on Jul 21, 2015
You remember back in your glory days, waking up in a strange place, unsure of how you got there or how the bone dry bottle of Jose Cuervo ended up in your greasy palm? Like Zack Galifianakis regaining awareness atop a blistering Saharan dune, nothing makes sense. Itâs as if you've just been subjected to an extended viewing of Cloud Atlas. This is Spyfall and damn it feels good.
Even Sammy Jankis had a system and this Soviet import does too. Half of the experience is engaging in this treacherous game of dancing along the edges of the darkness and trying to figure out just what the hell is going on, and the other half is everyone pointing their finger and telling inside jokes that stab at your liver like little alcoholic daggers of jagged steel. This hybrid social deduction and party game is all about sussing out a single spy amongst your group of friends by posing questions to each other in an attempt to clarify who's in on the killer quip.
Each non-Spy is dealt a card that has a specific location depicted from a large list. It's a mixed bag of esoteric stuff like a Space Station or Crusader Army, and mundane yet sometimes outlandish such as Circus Tent or an Office Party that more resembles Eyes Wide Shut than Microsoft. Then someone asks a question to another player without any limitations or restraint. The room for creativity and clever play is so wide open it's like the hills are alive with the sound of Nick Cave. Initially it's a struggle as players grasp for a life jacket with gems like "What is this place like?" or "Do you like the dÃ©cor?" Eventually you get fantastic subtle slices of brilliance as a buddy posits "What's at the center of our location?" for an image of a play featuring a Centaur on stage. Steve got a high-five mid-game for that one.
What's absolutely fantastic is that the question as well as the ensuing answer both offers key insight into deciphering knowledge. This two-step extension of a handshake is done with wry grins and curled eyebrows. You can't quite trust the indignant fool on the other end because one of you is the Spy. That poor sap knows about as much as John Snow and he's stuck trying to deduce what location was dealt out based solely on the revolving door of questions and answers. If at any time he feels confident in his evaluation, he can reveal himself and verbally stake his claim. If correct he gets the glory and if he fails then he gets a cascade of rotten lettuce and tomatoes followed by humiliating laughter because gaming groups roll like Monty Python in my world.
Of course players can yank the bell pull on the bus to drive play to a halt in order to call for a vote. If the table unanimously decides on a fella to accuse then he flips his card and reveals his true identity. Much like Werewolf, the group either wins or loses if they've correctly nailed the spy to the cross.
The impetus for action and underlying source of tension is a clock beating away in the background like a set of violent drums atop a V8 charged war machine in Immortan Joe's cavalcade. With only eight minutes to find what Tom Cruise can't handle, emotions rise and lines are rushed. It gets a little messy at times and things get flubbed, all in the name of good old fashioned traitorous fun.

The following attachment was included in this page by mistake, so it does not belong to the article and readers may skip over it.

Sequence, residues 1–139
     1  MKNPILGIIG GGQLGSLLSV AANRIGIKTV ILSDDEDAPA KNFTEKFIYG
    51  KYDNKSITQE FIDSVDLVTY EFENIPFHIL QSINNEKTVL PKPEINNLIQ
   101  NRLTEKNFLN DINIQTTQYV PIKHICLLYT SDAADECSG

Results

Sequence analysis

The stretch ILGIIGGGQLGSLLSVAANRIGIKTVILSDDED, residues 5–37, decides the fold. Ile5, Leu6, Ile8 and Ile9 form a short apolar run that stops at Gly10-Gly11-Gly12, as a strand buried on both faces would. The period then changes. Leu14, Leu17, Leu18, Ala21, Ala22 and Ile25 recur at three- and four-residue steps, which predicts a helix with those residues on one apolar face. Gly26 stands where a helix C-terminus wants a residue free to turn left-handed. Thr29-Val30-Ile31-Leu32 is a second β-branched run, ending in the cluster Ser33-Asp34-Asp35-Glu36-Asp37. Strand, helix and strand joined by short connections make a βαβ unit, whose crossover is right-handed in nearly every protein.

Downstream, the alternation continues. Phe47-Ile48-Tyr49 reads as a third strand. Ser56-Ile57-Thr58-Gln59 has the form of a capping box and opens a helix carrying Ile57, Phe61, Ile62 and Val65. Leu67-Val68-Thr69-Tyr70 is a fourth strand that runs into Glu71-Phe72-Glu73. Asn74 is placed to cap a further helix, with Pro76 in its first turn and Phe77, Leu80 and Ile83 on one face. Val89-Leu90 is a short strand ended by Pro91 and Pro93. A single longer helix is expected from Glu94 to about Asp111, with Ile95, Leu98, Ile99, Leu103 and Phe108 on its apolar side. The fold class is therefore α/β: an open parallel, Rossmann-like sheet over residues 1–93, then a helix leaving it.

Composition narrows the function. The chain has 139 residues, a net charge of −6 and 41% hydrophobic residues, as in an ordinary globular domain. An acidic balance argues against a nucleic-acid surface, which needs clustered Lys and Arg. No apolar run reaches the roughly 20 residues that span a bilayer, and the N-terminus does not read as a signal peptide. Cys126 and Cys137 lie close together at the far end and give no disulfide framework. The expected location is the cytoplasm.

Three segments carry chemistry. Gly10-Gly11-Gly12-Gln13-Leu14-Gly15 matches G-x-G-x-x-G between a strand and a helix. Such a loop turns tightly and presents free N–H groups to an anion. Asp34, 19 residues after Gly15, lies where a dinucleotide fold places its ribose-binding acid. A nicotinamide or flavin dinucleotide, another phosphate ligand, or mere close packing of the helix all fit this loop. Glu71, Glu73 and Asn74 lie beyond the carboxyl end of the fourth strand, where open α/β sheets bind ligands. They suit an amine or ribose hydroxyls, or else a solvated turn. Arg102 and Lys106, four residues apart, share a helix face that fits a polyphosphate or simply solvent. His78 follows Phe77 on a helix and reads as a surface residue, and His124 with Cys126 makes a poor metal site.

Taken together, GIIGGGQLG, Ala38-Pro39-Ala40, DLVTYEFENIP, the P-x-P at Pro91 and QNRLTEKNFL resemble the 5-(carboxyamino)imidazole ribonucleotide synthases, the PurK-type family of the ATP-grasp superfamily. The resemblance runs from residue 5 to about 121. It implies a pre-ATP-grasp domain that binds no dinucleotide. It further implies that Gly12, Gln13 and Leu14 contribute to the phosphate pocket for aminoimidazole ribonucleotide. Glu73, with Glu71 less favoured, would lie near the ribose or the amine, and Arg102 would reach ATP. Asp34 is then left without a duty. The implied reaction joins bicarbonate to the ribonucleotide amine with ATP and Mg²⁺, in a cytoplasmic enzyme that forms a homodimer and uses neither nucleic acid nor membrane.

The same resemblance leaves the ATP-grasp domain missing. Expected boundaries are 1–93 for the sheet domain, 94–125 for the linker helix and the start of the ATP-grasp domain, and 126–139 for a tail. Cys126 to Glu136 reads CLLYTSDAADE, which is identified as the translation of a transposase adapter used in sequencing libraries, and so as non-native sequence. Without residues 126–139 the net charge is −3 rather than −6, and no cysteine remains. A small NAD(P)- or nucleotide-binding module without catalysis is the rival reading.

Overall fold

The strongest of entries in the social deduction realm allow a breadth of freedom in weaving towards the outcome. The journey here is fraught with a necessity of creativity as players are seated around a huge sheet of canvas while crayons are slapped on the tables with an authoritative adult ordering the children to go to town. This establishes an identity that is wholly Spyfall and allows the title to earn its place in your collection as an exceptional activity of heightened enjoyment.
Spyfall boasts a very distinct feel depending on whether you're dealt that menacing Spy card or not. Your first game or two in this role will be rough indeed as you try to establish your footing atop a frayed rug that people keep shifting. When Ben points at you and asks how the weather is you'll dawdle, claiming to buy time so that you can phrase your answer in an indirect way to confound the one true traitor, but Jeremy's off to the side poking you in the gut claiming you're the weakest double-O since George Lazenby. You just have to suck it up and eat the worm.
While the experience of Spyfall is fascinating from a social and psychological perspective, from a practical one it can certainly get frustrating. Cryptozoic made a huge oversight in not including player aids and instead relying on a spread in the rulebook to list the locations. This large image in the middle of the book even suffers from the glaring mistake of cutting off a portion of the bottom row of cards, making things even harder. This glaring deficiency walks side by side with the poor artwork that doesn't help to establish even an Ally McBeal-thin mood. Some of the locations work due to their sheer over the top nature, but the Spy graphic and cover image come across as second rate and detract from the game's otherwise phenomenal merits.
I would unequivocally take poor graphic design and lack of practical support over a release with flawed gameplay. As an entire product the faults should be ignored and the merits lauded as this is a fresh game ready to pull you along by the jugular. Next time you're sitting around playing "Would you rather?" pull out Spyfall and kick it up a notch. With any luck you'll be in on the joke and you will be the one poking Jeremy in the ribs.